OCdts. On Parade

E3161 Victoria Edwards (RMC 2003) interviewed CWO (retired) Jack Kopstein CD, the musical director of the RMC band from 1988-1990.

E-veritas: You served as the musical director of the RMC band from 1988-1990.

Jack Kopstein: From the time I was nine that being a military band member was what I wanted to do. When I saw soldiers coming back from the Second World War there was something about it.

I took the position as the musical director of the RMC band from 1988-1990 after a 35 year career in the CF playing and overseeing some of Canada’s best military bands as both a musician and bandmaster.

E-veritas: Any highlights?

Jack Kopstein: There were two special occasions that stand out for me – the band`s participation in the Gray Cup parade in Toronto and a magnificent stage band performance in Oshawa for which the band won an award. The adjudicator Bobby Harriett said the band was excellent. We worked very hard.

E-veritas: Since your retirement from the Canadian military in 1988 and subsequent move to Chilliwack in 1995, you have become involved in a variety of musical groups in the community.

Jack Kopstein: I play the clarinet with the City of Chilliwack symphony orchestra, which offers quality concerts for the citizens of Chilliwack and the surrounding area. I also perform a selection of popular tunes and share humorous tales and anecdotes with fellow musicians. Last December for example, I returned to the Chilliwack library for an enjoyable hour of Christmas musical favourites and humour.

E-veritas: You authored ` When the Band Begins to Play: A History of Military Music in Canada (1992). You co-authored (with Ian Pearson) `The Heritage of Military Music in Canada` (St. Catharines, Ont.: Vanwell Pub., 2002) and `The History of the Marches in Canada: Regimental/Branch/Corps` (Hignell Printing Ltd, 1994).

Jack Kopstein: Yes, I began researching `The Heritage of Military Music in Canada` in 1969 after my band in London, Ont. was displaced to Gagetown, New Brunswick. Through our long time interest and experience with military bands Ian Pearson and I have collected information on individual bands, marches and songs, recordings, and many rare photographs which are featured in this book. The book includes Histories of the Regimental Marches, A song book, a chart of military band instruments, Biographies of Canadian Directors of Music and Bandmasters and Pipe Majors.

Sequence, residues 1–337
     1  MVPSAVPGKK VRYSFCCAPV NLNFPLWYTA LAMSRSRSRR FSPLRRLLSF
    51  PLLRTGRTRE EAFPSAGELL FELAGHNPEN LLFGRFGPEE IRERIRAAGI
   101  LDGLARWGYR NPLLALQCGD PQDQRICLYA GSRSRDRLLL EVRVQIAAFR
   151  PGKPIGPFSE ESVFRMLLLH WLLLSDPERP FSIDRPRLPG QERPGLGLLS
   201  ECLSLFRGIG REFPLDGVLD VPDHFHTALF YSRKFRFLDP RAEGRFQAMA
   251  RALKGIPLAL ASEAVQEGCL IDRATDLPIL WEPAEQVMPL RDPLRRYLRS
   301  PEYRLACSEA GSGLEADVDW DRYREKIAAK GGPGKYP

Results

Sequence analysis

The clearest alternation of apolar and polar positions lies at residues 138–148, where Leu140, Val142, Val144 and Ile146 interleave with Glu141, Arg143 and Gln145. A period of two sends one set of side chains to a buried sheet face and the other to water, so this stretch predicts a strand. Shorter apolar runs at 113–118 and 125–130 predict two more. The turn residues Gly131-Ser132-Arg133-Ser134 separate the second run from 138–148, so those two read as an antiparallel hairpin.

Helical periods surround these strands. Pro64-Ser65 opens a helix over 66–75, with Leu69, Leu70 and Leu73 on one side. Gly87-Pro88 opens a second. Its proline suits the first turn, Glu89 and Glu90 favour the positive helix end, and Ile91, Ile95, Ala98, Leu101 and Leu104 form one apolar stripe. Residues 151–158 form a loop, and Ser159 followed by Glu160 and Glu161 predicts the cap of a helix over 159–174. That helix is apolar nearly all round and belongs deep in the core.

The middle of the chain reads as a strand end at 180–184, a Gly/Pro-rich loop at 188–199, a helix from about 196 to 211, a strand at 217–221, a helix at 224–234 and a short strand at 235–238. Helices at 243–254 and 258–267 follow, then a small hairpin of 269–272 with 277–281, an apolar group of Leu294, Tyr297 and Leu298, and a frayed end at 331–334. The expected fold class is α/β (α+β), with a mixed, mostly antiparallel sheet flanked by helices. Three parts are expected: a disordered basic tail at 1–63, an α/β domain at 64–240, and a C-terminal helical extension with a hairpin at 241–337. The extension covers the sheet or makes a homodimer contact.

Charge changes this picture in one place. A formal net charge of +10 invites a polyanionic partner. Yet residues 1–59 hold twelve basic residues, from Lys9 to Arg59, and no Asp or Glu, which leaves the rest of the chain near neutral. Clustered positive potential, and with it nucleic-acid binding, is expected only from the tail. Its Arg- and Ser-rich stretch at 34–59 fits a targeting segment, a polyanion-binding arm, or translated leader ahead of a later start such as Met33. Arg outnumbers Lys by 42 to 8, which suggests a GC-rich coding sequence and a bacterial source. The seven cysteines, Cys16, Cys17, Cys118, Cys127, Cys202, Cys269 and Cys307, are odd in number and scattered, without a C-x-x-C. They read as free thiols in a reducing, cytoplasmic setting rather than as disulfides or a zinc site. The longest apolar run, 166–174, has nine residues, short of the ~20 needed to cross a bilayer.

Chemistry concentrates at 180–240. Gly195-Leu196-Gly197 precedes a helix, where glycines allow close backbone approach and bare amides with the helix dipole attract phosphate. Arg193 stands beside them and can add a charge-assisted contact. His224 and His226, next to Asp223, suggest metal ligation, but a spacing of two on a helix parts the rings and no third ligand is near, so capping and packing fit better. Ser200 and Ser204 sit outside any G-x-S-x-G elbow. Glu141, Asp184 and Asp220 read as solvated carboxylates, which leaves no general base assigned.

E-veritas: You contributed 14 articles to the Canadian Encyclopaedia –Encyclopaedia of Music in Canada (EMC) in 2001. http://www.thecanadianencyclopedia.com/

Jack Kopstein: The EMC aims to describe Canada’s musical heritage and culture in all its breadth and depth. Unfortunately, this subject was not previously well documented. I authored and/or contributed to several pieces to the Canadian Encyclopaedia of Music. Some articles present the remarkable tale of the men and women in the Canadian music scene: William Atkins; Leonard Camplin; Ben Bogisch; Armand Ferland; Albert Furey; John Slatter; W. Bramwell Smith Jr; and Kenneth Elloway.

Other articles present individual bands: Princess Patricia’s Canadian Light Infantry; Queen’s Own Rifles of Canada Band; and Royal Regiment of Canada Band. The final articles discuss Bands; Band festivals; and the Canadian Forces School of Music. [EMC articles referencing the Royal Military College of Canada include `Leo, the Royal Cadet.` `Kingston` and `Bands`]

E-veritas: What are you up to these days?

Jack Kopstein: My dear friend and partner Lauree Raymond and I live in beautiful Chilliwack, B.C. I remain involved with military music as Newsletter Editor of the Canadian Branch of the International Military Music Society. Military bands, including that of the Royal Military College of Canada, send me their schedule of events.

I am the administrator of the Military Band site: www.worldmilitarybands.com and write blogs for the Military band Recording Company ALTISSIMO. I was happy to feature in the Royal Military College of Canada`s annual Christmas Concert on November 19th, 2010 at 19h30. I am amazed at how it has grown from a small 25 piece group when I was musical director. Congratulations on this wonderful improvement. jack@immscanada.ca

E-veritas: Did the RMC band perform on television or produce any recordings at RMC from 1988-1990?

Jack Kopstein: They were a featured on CBC for the Grey Cup. The band appeared in the Oktoberfest parade in Kitchener and was seen on National TV.

e-veritas: How did you recruit new members of the band?

Jack Kopstein: Many of the band members were already in the band when I took over in 1988. I came to early Thursday morning practices and worked with the band before being employed as musical director. The support of the Commandant [4459 Commodore (Ret’d) Edward Murray OMM, CD, ADC] and the Admin and training staff was magnificent.

e-veritas: Who delivered the musical instruction?

Jack Kopstein: I worked in this area myself but received enormous help from Cadets. Many of whom were very advanced. The Cadets provided incentives and instruction for the less experienced players.

e-veritas: What teaching resources do you recommend?